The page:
As I’ve said offline to many people, it’s an exciting time to be involved in marketing. And it’s not just exciting for folks like myself who were never particularly wedded to the traditional advertising. All around the industry, there seems to be a critical mass of brands and agencies that understand that what we’re witnessing is the end of the hegemony of the :30 spot. Yes, consumers are in charge, and a lot of marketers have had to grudgingly acknowledge that fact. But, having acknowledged it, what will they do to adjust to this new reality? To the many lists of things to expect in 2005, here are three more things you should be on the lookout for in the year ahead:
1. Changes by the brands will force changes by the agencies. Even if most brands haven’t made huge structural changes, they’ve begun to understand that they need more holistic solutions—not just advertising solutions, direct mail solutions, promotions solutions or online solution—marketing communications solutions that enable them to address the business challenges they face in the 21st century. Until very recently, the problem was that most of a client’s strategy was done by the advertising agency. And, particularly in the larger shops, there was a lot of indulgent, inwardly-focused navel gazing. This was a byproduct of people and organizations that believed they could solve a brand’s business challenges in thirty seconds. But the big aircraft carriers of the industry are trying to turn. CEOs such as Andrew Robertson at BBDO and Ann Fudge at Young & Rubicam Brands understand that soon there won’t be a distinction between “above-the-line” and “below-the-line”. It’s just going to be “marketing.”
2. But the really exciting stuff is happening at the smaller shops. Anomaly. StrawberryFrog. Mother. Amalgamated. Anomaly’s recommendations and output for Dasani will not just be about the marketing, but will also include identity, packaging and working with the brand’s retail channels. Both StrawberryFrog and Mother offer fundamental challenges to the stifling bureaucracies and agency networks in both their organizational structures and their approaches to client businesses. In both cases, they look at client businesses and design media agnostic solutions. See SF’s work on Hoegaarden and Sprint and Mother’s holiday campaign for Target, which included a sweepstakes and wake-up calls from celebrities. With a partner that includes a heavyweight from the world of academia, Amalgamated’s approach (cultural branding) provides a research-backed framework for building iconic brands, which tend to be developed accidentally, at best. Overall, expect more shops to take an entrepreneurial approach to building their own business and that of their clients.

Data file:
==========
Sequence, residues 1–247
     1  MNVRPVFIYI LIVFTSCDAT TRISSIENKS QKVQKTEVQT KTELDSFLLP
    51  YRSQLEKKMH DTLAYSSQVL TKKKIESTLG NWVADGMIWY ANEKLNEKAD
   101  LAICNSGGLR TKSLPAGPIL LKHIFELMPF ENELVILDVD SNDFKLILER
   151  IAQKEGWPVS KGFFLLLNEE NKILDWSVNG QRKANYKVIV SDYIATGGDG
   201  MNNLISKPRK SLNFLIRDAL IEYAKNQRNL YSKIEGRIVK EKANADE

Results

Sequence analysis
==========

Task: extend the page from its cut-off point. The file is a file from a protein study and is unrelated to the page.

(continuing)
3. "Multicultural" will mean a lot of things, but it may not mean African-American. There is a move afoot within the halls of many brand marketers where “multicultural” means Hispanic and many of the CPG companies are laser-focused on the this market. Fortunately—or unfortuanately for the black agencies—African-American celebrities (rappers, athletes, actors, etc.) are mainstream heroes and drive popular culture. Leon Wynter, former Wall Street Journal “Business and Race” columnist and author of “American Skin” , has written extensively about this and says “the new school is about black talent being their black selves for any and everybody who tunes in.” No longer part of a small community, but rather they are now known and understood in the context of the general market, the fact of which further erodes the need for a specialized agency to deal with them. One bright spot, I think, is that growth may be with agencies that focus on youth—African-American, Hispanic, Asian—and dimensioning the ever-changing “urban mindset,” that highly coveted psychographic space that links young people across ethnicities and geographies.